Suzanne Dworak-Peck, an internationally recognized leader in social work and a USC alumna, has donated $60 million to the USC School of Social Work, the university announced Wednesday.
The gift is the largest donation from an individual to a social work school, according to USC, and changes the school’s name to the USC Suzanne Dworak-Peck School of Social Work.
“Today is about recognizing and celebrating social work — as a focus for learning and research, as a profession and as an investment in the future of humanity,” said Dworak-Peck, who has served as president of the National Assn. of Social Workers and is known for forging partnerships in the field around the world. “Our school will always be a destination for learning, where future generations of students will feel that we value and are invested in empowering their goals and their creativity and their growth. This is the feeling I took from USC and internalized throughout my career, and I really want to share that exceptional experience with others.”
USC has the largest social work school in the world, and — with an enrollment of 3,500 — it educates 1 out of every 20 graduate-level social workers in the country, university officials said.
Founded in 1920, the school is recognized for its interdisciplinary approaches to solving society’s problems. Earlier this month, it joined forces with the university’s Viterbi School of Engineering to launch a center devoted to tackling large-scale societal issues such as homelessness by bringing together computer scientists using artificial intelligence and social workers grounded in the real world.
The school is also known for its military social work program — the first established by a civilian research university — and its graduate nursing program and research in aging and quality of life.
Dworak-Peck, who lives in Malibu, earned her bachelor’s degree in psychology in 1965 and completed her master’s in social work in 1967. She said she hopes her gift will ensure that social work education will continue to grow as its own USC school while partnering creatively with some of the other 18 schools on campus.
Dworak-Peck’s career provides an inspiring example of the many possible ways to pursue a lifetime of social work, said USC President C.L. Max Nikias.
She has spent much of her career working with traditionally excluded communities as well as providing clinical supervision and treatment to families and individuals. She is praised by colleagues for being instrumental in advancing the public image of social work and establishing more accurate portrayals in entertainment and the media.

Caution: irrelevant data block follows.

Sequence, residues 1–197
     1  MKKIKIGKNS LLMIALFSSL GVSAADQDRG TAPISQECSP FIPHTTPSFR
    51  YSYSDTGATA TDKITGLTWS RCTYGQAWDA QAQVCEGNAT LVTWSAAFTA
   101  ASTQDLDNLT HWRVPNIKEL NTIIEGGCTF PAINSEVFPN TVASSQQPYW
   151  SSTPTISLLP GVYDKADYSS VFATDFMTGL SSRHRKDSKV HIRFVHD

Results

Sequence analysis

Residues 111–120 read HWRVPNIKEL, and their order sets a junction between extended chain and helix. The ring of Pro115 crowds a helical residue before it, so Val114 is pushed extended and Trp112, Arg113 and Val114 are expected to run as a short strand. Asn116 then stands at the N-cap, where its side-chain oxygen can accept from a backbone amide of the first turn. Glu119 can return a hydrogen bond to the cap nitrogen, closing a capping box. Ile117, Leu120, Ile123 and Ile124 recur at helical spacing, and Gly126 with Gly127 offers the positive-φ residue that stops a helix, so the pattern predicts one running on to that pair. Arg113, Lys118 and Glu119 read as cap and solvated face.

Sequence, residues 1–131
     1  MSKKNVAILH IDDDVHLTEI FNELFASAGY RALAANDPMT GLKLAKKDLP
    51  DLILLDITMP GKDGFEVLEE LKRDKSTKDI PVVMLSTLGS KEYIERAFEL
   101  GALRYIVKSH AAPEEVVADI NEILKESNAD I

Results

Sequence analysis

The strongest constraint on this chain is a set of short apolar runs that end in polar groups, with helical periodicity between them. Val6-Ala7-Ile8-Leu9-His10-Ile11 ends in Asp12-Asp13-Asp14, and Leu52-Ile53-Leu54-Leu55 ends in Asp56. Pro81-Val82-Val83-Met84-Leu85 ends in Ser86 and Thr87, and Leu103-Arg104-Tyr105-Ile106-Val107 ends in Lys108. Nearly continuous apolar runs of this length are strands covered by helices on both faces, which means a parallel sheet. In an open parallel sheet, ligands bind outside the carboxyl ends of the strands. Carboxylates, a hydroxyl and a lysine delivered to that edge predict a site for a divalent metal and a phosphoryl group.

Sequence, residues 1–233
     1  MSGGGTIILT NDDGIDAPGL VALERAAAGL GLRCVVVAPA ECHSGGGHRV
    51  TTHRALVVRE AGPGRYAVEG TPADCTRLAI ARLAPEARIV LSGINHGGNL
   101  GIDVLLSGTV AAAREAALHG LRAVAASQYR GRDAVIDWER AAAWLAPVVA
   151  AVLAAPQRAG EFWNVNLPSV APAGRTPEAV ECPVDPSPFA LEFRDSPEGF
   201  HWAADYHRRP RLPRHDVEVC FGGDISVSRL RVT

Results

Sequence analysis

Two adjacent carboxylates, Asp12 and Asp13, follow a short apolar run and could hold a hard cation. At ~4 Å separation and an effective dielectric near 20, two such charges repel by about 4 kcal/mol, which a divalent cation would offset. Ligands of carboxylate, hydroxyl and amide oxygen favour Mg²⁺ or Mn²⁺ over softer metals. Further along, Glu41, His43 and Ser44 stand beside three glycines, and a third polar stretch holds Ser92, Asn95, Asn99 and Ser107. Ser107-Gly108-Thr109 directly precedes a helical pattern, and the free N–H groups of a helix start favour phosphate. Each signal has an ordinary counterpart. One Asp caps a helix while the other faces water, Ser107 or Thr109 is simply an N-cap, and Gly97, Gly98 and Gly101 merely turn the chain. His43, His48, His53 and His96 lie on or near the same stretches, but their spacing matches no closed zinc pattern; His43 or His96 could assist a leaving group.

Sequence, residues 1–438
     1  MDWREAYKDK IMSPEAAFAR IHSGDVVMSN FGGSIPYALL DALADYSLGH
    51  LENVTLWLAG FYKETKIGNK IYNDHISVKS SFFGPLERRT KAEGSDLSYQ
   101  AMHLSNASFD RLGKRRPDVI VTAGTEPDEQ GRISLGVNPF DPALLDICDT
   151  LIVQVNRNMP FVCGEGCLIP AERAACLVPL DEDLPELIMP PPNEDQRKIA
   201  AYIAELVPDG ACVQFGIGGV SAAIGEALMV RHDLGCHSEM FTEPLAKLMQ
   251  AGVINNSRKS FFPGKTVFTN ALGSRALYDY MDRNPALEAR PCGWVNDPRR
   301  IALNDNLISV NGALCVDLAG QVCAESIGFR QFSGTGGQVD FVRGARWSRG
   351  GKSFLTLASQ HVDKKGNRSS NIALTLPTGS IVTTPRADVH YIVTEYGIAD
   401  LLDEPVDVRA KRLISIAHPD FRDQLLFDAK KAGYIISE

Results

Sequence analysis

“Suzanne Dworak-Peck is a visionary who has shown extraordinary leadership in her field, almost single-handedly changing how we perceive social workers,” Nikias said. “Her great generosity is matched only by her passion for social justice and her drive to inspire change by re-imagining social work so that it empowers everyone it touches.”
She continues to serve as an ambassador for the International Federation of Social Workers, and was a president and founding member of the California Coalition for Mental Health and a National Mental Health Leadership Foundation board member.
Along the way, she said, she dabbled in real estate investments — a longtime interest and hobby, which is how she was able to make such a large donation.
“I applied the skills I learned at USC — the ethics, the values, the disciplined approach to problems, research, assessment, planning, analytic skills, and very importantly, building professional relationships and connecting people,” she said. “I used my education in non-traditional areas and fortunately, I was successful…. And now I’m able to give back to my primary passion: social work.”
Before Dworak-Peck’s donation, a 2007 gift to NYU was the largest of its kind to a social work program. The $50 million from alumni Constance and Martin Silver to what is now called the NYU Silver School of Social Work was an “unprecedented moment for social work education” and expanded the school’s work in addressing systemic poverty, officials there said.
At USC, Dworak-Peck said she hopes future students will think about how their skills and desires to help society could be put to use in any career or project.
“Don’t be hesitant to apply your education to new and innovative ideas or areas or roles,” she said. “Follow your interests, follow your passions, follow what inspires you, and your education will empower you.”
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